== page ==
An acute case of Bell's palsy could very well be one of the scariest events a person will ever live through.
It is a nerve disorder that affects the muscles of the face and eye — first with an onset of pain and progressing toward complete or near-complete loss of function to half of the face.
The muscles responsible for blinking, smiling, frowning and other facial expressions like raising your eyebrows cannot be voluntarily controlled. The abilities to see, to eat and use your face to communicate a smile to the rest of the world are in jeopardy.
Although there are several competing theories, the cause of Bell's palsy is poorly understood, with explanations ranging from a central nervous system disorder to a viral attack specifically on the facial nerve root.
While no definitive cause has been identified, two commonly reported precipitating events are child birth and sleeping next to an open window. Nearly 30 percent of people with Bell's palsy relate their disorder to one of these variables, but medicine has yet to establish a firm link to these claims.
Bell's palsy is benign in nature and rarely — if ever — results in severe, long-term dysfunction or disfigurement of the face. Unfortunately, there are no medicinal or surgical interventions available for patients with Bell's palsy that work to alleviate symptoms with any consistency. There are, however, plenty of conservative treatment options that can be explored in physical therapy.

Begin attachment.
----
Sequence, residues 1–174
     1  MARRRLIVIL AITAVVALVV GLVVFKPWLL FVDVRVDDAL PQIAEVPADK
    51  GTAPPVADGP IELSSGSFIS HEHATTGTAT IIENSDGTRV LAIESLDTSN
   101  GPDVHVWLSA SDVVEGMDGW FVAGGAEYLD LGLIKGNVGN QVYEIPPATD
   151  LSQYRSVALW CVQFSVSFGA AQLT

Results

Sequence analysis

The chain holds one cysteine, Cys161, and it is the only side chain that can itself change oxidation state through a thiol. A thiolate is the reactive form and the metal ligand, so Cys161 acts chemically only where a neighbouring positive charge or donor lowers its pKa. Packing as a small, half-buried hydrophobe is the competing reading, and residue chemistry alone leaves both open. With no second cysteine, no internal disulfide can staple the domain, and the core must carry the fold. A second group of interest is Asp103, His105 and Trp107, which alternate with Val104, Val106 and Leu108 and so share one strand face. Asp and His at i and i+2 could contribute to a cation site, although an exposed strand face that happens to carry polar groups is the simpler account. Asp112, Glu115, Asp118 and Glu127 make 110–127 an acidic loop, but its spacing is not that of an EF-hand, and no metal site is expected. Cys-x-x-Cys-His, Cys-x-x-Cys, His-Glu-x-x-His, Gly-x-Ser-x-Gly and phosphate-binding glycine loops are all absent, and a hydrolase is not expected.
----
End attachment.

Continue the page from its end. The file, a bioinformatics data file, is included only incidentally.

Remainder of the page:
Physical therapy treatment is aimed to restore muscle function and muscle tone in the face, thus resolving the impairments associated with the disorder. Here are just a few of the many treatment options:
Electrical stimulation to the facial muscles. E-stim preserves facial muscle tone and prevents degeneration. It even assists with muscle and nerve healing, giving you a better chance to return to baseline.
Facial exercises. There is a series of exercises to help patients with Bell's palsy regain muscle function. General movements of the face and eyes are not enough to make measurable improvements, therefore a specific regimen is indicated to properly rehabilitate the muscles and prevent harmful wasting of the sensitive muscle tissue.
Eyelid weights. One of the most devastating side effects of Bell's palsy is the inability to fully close the eyelid. An inability to blink could dry out the eyeball and cause scarring of the cornea — often resulting in permanent eye damage and subsequent vision loss. A physical therapist can custom fit a set of eyelid weights to your eyes to help prevent this from occurring.
TENS stands for trans-cutaneous electrical nerve stimulation. This type of treatment may help patients that have persistent nerve pain. This pain occurs in 10 percent to 15 percent of the cases and can sometimes be remedied with a special TENS unit that patients can use at home.
Bell's palsy is an incredibly personal and traumatizing disorder. It's fair to say that most patients need and deserve help to get through it. There's a strong possibility you'll fully recover without any intervention, but why leave your face to chance?
Joe DiVincenzo is a physical therapist and clinical specialist in manual therapy. He writes "On the Mend" weekly. Questions may be submitted to Joe by e-mail firstname.lastname@example.org.